The findings demonstrate the inhibitory network is central to controlling not only the amplitude, extent and duration of activation of recurrent excitatory cortical networks, but also the precise timing of action potentials, and, thus, network synchronization, said David McCormick, professor of neurobiology and senior author of the study.
There are two cell types in the cortex, excitatory and inhibitory. The cortex has a tendency to make recurrent excitation, and, if not properly controlled by the inhibitory system, this could lead to seizures, as is seen in epilepsy.
"Temporal precision in spike timing is important in cortical function, interactions, and plasticity," McCormick said. "We found that, during periods of recurrent network activity, cortical pyramidal cells in vivo and in vitro receive strong barrages of both excitatory and inhibitory postsynaptic potentials, with the inhibitory potentials synchronously controlling the timing of action potentials."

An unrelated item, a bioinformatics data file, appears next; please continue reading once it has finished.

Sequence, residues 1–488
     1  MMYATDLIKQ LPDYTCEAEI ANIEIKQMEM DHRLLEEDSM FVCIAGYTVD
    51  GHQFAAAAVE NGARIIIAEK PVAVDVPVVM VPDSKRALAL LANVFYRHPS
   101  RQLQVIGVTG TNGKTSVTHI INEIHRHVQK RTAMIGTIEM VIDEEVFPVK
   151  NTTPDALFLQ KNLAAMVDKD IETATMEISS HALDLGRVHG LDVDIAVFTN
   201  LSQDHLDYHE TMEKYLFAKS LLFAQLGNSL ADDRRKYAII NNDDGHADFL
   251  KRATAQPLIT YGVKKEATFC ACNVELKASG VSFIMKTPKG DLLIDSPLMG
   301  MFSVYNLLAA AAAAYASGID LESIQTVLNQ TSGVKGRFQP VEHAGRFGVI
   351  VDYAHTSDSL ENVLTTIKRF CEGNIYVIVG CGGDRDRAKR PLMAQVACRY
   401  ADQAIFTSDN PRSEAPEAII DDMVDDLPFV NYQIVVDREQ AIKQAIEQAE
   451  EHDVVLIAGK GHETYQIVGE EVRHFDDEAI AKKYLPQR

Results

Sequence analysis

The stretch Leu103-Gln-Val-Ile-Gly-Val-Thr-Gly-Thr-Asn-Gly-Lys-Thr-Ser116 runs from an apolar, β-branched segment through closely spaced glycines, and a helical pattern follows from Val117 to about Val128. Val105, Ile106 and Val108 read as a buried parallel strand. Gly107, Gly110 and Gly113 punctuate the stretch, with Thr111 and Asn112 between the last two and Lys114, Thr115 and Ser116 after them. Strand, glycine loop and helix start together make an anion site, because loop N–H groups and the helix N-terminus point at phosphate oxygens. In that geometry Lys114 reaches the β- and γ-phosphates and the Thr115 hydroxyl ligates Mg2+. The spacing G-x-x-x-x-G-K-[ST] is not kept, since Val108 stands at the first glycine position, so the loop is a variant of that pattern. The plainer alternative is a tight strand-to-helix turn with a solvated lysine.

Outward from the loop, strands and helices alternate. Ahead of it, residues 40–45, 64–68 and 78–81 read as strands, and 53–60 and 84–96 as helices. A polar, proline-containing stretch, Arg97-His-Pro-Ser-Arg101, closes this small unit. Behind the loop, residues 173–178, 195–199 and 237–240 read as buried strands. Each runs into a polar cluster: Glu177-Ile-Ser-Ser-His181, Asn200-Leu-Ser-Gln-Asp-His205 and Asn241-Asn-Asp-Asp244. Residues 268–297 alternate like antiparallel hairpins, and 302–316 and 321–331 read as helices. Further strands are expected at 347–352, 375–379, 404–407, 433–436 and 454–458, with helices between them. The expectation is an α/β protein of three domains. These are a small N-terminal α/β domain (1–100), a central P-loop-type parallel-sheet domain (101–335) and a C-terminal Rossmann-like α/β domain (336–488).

McCormick said the spike timing is important for fine perception and may underlie problems in the nervous system and in psychiatric disorders, such as schizophrenia, where the timing problem might cause confusion. These results therefore broaden the influence of the local inhibitory networks in the cortex from one of simple regulation of excitability to one of also controlling cognitive function.
Neuron 47: 1-13 (August 4, 2005)